(CNN Business)Gone are the days of buying a last-minute pre-flight plastic bottle of water at San Francisco International Airport. If you want to hydrate, you'll either have to bring your own reusable bottle or prepare to buy an airport-approved glass or aluminum water bottle.
In an effort to make SFO more environmentally friendly, the airport is adding plastic water bottles to its list of restricted food service items starting August 20.
The airport, just south of San Francisco, set a goal three years ago of becoming the world's first zero-waste airport by 2021. According to the nonprofit Zero Waste Alliance, that means diverting at least 90% of waste from landfills and incinerators by recycling and composting.
"This is a big move for the airport," said Doug Yakel, SFO's public information officer. "It just further supports our green initiative."
The new practice stops airport vendors and tenants from selling or providing free bottled water in plastic. This includes all similar products sold in vending machines.
In place of plastic bottles, the vendors will be able to sell or provide reusable recyclable aluminum, glass and certified compostable water bottles, according to the airport.
Travelers can bring empty disposable plastic water bottles to refill. However, airport security still bans passengers from bringing filled bottles of water from outside.
SFO defines a bottle of water as drinking water in a sealed box, bag, can, bottle or other container intended primarily for single-service use and having a capacity of 1 liter or less. This includes purified water, mineral water, carbonated or sparkling water, and electrolyte-enhanced water. The ban does not apply to any flavored drinks like soda, iced tea or coffee and juice.
Coke and Pepsi abandon the plastics lobby Yakel said SFO has over 100 refillable water hydration stations for travelers bringing their own reusable water bottles, and it will add more.
In September, California Gov. Jerry Brown signed a law that stops dine-in restaurants from automatically providing plastic straws to customers, making it the first state to partially ban them. Violating the law costs restaurants a $25 a day fine. In March, SFO also transitioned away from single-use plastic food service ware and utensils. Yakel said he knows that other airports are looking to make the same move to eliminate bottled water, but as far as he knows, his is the first to have this initiative. The ban is only one of the things that makes SFO unique. The airport is also one of the few with a free yoga room for travelers to use at their leisure.
(CNN) Globally, we are ingesting an average of 5 grams of plastic every week, the equivalent of a credit card, a new study suggests.
This plastic contamination comes from "micro plastics" -- particles smaller than five millimetres -- which are making their way into our food, drinking water and even the air.
Around the world, people ingest an average of around 2,000 micro plastic particles a week, according to the study by the University of Newcastle, in Australia.
These tiny particles can originate from a variety of sources, including artificial clothes fibers, microbeads found in some toothpastes, or bigger pieces of plastic which gradually break into smaller pieces when they're thrown away and exposed to the elements.
They make their way into our rivers and oceans, and can be eaten by fish and other marine animals, ending up as part of the food chain.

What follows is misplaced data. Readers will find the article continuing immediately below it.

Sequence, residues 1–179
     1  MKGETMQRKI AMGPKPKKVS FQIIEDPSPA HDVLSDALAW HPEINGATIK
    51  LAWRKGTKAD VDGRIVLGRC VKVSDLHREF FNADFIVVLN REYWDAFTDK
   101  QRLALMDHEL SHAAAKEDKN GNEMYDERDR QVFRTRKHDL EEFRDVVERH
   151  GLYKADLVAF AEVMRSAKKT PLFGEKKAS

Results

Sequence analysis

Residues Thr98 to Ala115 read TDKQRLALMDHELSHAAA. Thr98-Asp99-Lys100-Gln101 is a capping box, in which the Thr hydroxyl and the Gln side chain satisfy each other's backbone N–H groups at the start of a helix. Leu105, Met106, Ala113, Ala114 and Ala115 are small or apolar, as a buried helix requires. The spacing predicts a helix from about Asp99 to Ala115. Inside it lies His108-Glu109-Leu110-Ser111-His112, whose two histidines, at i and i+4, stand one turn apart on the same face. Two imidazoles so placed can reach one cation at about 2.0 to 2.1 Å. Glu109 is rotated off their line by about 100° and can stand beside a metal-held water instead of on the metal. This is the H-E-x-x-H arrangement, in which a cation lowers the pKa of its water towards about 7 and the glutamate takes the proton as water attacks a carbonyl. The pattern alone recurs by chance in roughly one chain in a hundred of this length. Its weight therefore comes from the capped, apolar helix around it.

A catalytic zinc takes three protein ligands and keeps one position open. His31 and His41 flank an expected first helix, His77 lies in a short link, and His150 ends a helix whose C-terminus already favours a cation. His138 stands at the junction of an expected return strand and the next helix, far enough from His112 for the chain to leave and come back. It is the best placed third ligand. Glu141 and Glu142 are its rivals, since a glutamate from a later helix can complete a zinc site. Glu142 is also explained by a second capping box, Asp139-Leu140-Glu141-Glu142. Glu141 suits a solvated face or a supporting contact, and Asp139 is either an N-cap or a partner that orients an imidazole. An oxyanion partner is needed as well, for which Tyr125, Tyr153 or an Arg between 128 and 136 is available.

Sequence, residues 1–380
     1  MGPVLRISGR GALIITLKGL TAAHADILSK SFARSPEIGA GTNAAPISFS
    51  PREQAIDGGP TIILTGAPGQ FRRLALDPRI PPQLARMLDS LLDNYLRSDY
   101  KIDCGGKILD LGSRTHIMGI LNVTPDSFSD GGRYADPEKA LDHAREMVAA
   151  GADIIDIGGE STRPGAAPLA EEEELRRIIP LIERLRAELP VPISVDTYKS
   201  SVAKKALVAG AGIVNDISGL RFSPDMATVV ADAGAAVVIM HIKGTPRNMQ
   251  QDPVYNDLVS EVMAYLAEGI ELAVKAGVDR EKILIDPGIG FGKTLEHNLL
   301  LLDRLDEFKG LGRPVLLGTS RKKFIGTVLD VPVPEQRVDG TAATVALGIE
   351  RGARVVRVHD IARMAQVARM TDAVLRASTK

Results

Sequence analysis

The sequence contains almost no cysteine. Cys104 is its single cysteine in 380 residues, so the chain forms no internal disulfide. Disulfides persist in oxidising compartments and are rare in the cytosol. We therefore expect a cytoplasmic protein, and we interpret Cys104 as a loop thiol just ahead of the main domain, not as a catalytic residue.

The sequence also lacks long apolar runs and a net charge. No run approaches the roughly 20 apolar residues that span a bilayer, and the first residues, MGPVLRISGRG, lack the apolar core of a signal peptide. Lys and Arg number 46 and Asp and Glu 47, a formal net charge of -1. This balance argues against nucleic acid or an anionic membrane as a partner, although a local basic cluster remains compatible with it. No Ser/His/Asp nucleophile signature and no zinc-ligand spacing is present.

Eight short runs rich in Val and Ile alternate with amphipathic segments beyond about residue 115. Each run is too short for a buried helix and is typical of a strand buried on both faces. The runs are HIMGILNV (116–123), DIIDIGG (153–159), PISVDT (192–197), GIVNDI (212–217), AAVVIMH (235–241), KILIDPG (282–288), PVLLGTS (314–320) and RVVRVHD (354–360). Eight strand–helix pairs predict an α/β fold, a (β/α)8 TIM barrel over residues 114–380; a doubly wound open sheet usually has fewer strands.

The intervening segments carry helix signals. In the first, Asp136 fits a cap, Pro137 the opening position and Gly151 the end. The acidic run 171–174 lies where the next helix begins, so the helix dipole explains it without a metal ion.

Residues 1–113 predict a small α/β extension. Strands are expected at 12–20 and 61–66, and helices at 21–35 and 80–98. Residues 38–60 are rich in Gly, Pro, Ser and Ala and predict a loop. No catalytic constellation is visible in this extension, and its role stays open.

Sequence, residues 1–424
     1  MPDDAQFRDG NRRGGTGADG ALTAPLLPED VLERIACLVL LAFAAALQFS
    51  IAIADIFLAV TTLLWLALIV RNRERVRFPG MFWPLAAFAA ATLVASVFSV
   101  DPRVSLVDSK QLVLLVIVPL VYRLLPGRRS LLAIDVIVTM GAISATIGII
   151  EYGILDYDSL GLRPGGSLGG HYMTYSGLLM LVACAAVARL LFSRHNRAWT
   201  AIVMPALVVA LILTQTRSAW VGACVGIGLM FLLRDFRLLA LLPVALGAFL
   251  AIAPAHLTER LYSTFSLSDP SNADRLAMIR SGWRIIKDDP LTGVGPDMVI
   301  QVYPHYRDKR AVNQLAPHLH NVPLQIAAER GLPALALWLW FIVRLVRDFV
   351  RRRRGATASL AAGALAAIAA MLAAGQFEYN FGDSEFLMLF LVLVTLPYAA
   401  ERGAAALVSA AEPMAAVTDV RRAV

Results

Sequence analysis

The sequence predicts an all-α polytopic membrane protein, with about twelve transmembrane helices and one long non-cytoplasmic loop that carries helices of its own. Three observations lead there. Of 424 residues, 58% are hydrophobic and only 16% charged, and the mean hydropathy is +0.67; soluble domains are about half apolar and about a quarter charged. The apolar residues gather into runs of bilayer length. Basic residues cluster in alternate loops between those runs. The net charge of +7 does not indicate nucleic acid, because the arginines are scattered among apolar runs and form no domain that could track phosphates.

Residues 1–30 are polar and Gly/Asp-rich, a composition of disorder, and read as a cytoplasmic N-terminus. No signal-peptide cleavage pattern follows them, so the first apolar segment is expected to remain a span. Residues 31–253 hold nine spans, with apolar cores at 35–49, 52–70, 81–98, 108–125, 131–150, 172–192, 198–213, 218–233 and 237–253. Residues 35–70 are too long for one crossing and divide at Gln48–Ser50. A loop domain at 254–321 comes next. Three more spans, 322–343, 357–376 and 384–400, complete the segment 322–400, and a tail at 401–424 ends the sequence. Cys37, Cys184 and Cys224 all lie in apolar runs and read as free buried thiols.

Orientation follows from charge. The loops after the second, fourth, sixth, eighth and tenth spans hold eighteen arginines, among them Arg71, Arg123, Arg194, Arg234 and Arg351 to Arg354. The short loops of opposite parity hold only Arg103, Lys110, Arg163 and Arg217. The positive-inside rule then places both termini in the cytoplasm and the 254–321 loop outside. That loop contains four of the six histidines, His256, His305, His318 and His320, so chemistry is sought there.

Microplastics have been found in many everyday foods and drinks, such as water, beer, shellfish and salt, co-lead researcher Kala Senathirajah told CNN.
Are you eating plastic? 01:30
"It is very clear that the issue of micro plastics is a global one. Even if countries clean up their backyard, it doesn't mean they will be safe as those [micro plastic] particles could be entering from other sources," she said.
The largest source of plastic ingestion is drinking water, according to the research, which reviews 52 existing studies to estimate plastic ingestion around the world. The research was commissioned by the World Wildlife Fund (WWF) for its report "No Plastic in Nature: Assessing Plastic Ingestion from Nature to People." It found that the average person consumes as many as 1,769 particles of plastic every week just by drinking water -- bottled or from the tap. But there could be large regional variations. It quotes a 2018 study that found twice as much plastic in water in the United States and India than in European or Indonesian tap water.
A separate study this month found that Americans eat, drink and breathe between 74,000 and 121,000 micro plastic particles each year, and those who exclusively drink bottled water rather than tap water can add up to 90,000 plastic particles to their yearly total. Read more: you drink bottled water, you could double how many microplastic particles you ingest
Shellfish is the second biggest source of plastic ingestion, with the average person consuming as many as 182 micro particles -- 0.5 grams -- from this per week. The report says this is because "shellfish are eaten whole, including their digestive system, after a life in plastic polluted seas."
Although micro plastics have been detected in the air, the study says inhalation accounts for a negligible intake "but may vary heavily depending on the environment."
The researchers note that their study "builds on a limited set of evidence, and comes with limitations" -- including a "lack of data available on crucial metrics, such as weight and size distribution of microplastics in natural environments."